How to Create a Grocery Price List {Save $, Shop Smarter #1}

This is the first post in my new Momof6 series “Save Money, Shop Smarter”. The first four posts will be focused on saving money while grocery shopping, because for so many of us- grocery expense is a sizeable part of our family’s budget. And you can save 30-40% on your monthly grocery bill – not by changing brands or by giving up on purchasing healthy items for your family. You can save 30-40% on your bill just by changing the way that you shop. I promise you- it really is that simple. No extreme couponing, no converting your garage into storage space- nothing crazy.

But first- you have to do a little homework…

Start a Grocery Price List

Grocery Analysis How to Save Money on Groceries (Part 1) Know what you are currently paying for your grocery items

For years I had no idea what I was paying for individual grocery items. I just kept a running grocery list of things that I needed, I added to it as I used up items that I had on hand, and then I bought those items as I needed them. I did not realize that some weeks I was paying $5.49/lb. for chicken and $3.59 for a box of cereal, and other weeks I was paying $2.75/lb. for chicken and $1.99 for cereal. Truly, I had no idea. I was too busy trying to run a household with young children, work outside the home, and since my overall grocery bill never seemed that different from week ot week- I didn’t realize the weekly variation on an item-level.

Once my eyes were opened to the fact that I was paying vastly different prices for the exact same item from week to week, I decided to create a “grocery price list” so that I would know when an item was really on sale for a good price. My price list included all of the items that I regularly purchased, everything from flour, sugar, drink mixes, soft drinks, cereal (listed by brand), ketchup, peanut butter, jelly, oils, milk, cheese, yogurt, juice, butter, creamer, ice cream, meat, produce, snack items, and canned goods. I made a separate price list for health and beauty items, and laundry, paper, and cleaning items too.

One my price list I also have a place to record the size of the package so that I can calculate the price per unit (per ounce, per lb., etc). This is helpful when comparing prices across different package sizes from store to store. Which brings me to the next question that I am asked all of the time…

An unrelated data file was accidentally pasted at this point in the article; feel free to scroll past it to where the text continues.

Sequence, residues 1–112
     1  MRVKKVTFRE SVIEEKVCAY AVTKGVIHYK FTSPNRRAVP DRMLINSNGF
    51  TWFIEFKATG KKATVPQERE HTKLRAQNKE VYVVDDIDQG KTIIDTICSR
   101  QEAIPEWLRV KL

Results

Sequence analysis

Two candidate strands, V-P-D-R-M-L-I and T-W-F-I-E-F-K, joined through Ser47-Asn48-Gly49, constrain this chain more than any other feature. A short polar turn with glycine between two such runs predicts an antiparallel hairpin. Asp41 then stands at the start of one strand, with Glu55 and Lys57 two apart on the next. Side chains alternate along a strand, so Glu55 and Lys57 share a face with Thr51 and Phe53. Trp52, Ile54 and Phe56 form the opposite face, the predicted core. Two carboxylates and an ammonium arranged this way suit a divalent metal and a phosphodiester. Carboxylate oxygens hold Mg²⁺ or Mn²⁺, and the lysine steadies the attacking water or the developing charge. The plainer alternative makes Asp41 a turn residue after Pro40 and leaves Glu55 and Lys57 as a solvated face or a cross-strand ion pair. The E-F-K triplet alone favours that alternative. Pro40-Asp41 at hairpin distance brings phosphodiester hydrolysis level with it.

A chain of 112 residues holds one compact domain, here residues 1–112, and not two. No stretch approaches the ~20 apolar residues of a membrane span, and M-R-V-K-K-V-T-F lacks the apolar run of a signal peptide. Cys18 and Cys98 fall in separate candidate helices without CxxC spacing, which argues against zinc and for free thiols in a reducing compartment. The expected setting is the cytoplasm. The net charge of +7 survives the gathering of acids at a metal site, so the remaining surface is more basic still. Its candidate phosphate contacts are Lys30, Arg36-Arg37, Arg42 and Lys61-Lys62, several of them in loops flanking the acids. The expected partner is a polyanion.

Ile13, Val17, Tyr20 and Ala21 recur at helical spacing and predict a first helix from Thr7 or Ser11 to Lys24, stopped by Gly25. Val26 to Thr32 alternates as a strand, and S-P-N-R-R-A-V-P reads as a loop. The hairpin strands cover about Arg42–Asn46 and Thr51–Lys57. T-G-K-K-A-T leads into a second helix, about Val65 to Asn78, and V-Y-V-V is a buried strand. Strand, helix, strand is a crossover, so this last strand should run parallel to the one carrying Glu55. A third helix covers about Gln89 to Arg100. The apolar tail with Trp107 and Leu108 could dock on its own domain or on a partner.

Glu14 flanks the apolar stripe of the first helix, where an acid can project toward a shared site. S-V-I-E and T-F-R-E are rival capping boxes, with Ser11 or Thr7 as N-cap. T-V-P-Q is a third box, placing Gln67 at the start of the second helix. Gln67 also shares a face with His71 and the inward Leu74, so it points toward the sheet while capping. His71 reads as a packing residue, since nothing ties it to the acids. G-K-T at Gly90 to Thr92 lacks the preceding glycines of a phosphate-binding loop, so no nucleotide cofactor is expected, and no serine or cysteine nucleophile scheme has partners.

Are Warehouse Clubs Really Saving Your Money?

Back when I first started my grocery price list, I also regularly shopped at warehouse clubs.  So I added a few columns on my price list where I listed the price, the package size and the price per unit at the warehouse club price. This will demonstrate quite clearly whether or not buying in bulk at a warehouse club is really saving you any money. And in my personal experience- I can usually beat a warehouse club price when an item at a grocery store is on sale- and when I pair that sale price with a coupon, I can beat the warehouse club price nearly every time!

It’s Your Turn…

The first step is getting control over your grocery expense is to become familiar with what you are paying for the groceries for your family. This week when you come home from the grocery store, sit down and make a list of what you have purchased, and what you paid for it. Over the next few weeks, continue to record the price that you are paying for those same items. Over time you will see that it varies greatly from one week to another! But that’s okay- this is how you learn what your “buy price” should be!

Click on this link to download a grocery price list template: Grocery Price List

Rather Watch Than Read?

Then check out my youtube video on How to Create a Grocery Price List!

So how much of a grasp do you have on what grocery items cost? Are you prepared to pounce and buy only at the lowest price? Please leave a comment and share!

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